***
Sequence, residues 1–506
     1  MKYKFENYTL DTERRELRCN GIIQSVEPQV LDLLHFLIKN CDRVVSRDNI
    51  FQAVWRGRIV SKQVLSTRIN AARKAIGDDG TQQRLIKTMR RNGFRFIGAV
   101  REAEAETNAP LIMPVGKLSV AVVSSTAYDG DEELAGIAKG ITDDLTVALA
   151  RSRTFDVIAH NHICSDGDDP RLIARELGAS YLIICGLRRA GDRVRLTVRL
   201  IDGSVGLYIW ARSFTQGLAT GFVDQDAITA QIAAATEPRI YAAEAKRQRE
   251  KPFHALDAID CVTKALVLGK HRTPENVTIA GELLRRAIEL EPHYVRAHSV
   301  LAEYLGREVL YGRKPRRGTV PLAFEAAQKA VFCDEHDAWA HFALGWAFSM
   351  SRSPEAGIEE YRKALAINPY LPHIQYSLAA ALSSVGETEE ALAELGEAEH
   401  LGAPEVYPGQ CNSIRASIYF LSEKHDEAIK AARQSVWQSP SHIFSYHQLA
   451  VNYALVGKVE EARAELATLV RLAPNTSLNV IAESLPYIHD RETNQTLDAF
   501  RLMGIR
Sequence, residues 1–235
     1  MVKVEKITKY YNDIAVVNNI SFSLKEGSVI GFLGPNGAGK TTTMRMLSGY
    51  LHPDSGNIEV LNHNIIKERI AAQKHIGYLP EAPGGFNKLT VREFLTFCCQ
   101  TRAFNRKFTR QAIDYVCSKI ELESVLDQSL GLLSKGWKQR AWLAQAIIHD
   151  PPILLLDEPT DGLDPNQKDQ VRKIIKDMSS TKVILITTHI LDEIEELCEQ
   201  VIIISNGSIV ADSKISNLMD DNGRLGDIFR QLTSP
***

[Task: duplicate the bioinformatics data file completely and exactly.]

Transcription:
Sequence, residues 1–506
     1  MKYKFENYTL DTERRELRCN GIIQSVEPQV LDLLHFLIKN CDRVVSRDNI
    51  FQAVWRGRIV SKQVLSTRIN AARKAIGDDG TQQRLIKTMR RNGFRFIGAV
   101  REAEAETNAP LIMPVGKLSV AVVSSTAYDG DEELAGIAKG ITDDLTVALA
   151  RSRTFDVIAH NHICSDGDDP RLIARELGAS YLIICGLRRA GDRVRLTVRL
   201  IDGSVGLYIW ARSFTQGLAT GFVDQDAITA QIAAATEPRI YAAEAKRQRE
   251  KPFHALDAID CVTKALVLGK HRTPENVTIA GELLRRAIEL EPHYVRAHSV
   301  LAEYLGREVL YGRKPRRGTV PLAFEAAQKA VFCDEHDAWA HFALGWAFSM
   351  SRSPEAGIEE YRKALAINPY LPHIQYSLAA ALSSVGETEE ALAELGEAEH
   401  LGAPEVYPGQ CNSIRASIYF LSEKHDEAIK AARQSVWQSP SHIFSYHQLA
   451  VNYALVGKVE EARAELATLV RLAPNTSLNV IAESLPYIHD RETNQTLDAF
   501  RLMGIR
Sequence, residues 1–235
     1  MVKVEKITKY YNDIAVVNNI SFSLKEGSVI GFLGPNGAGK TTTMRMLSGY
    51  LHPDSGNIEV LNHNIIKERI AAQKHIGYLP EAPGGFNKLT VREFLTFCCQ
   101  TRAFNRKFTR QAIDYVCSKI ELESVLDQSL GLLSKGWKQR AWLAQAIIHD
   151  PPILLLDEPT DGLDPNQKDQ VRKIIKDMSS TKVILITTHI LDEIEELCEQ
   201  VIIISNGSIV ADSKISNLMD DNGRLGDIFR QLTSP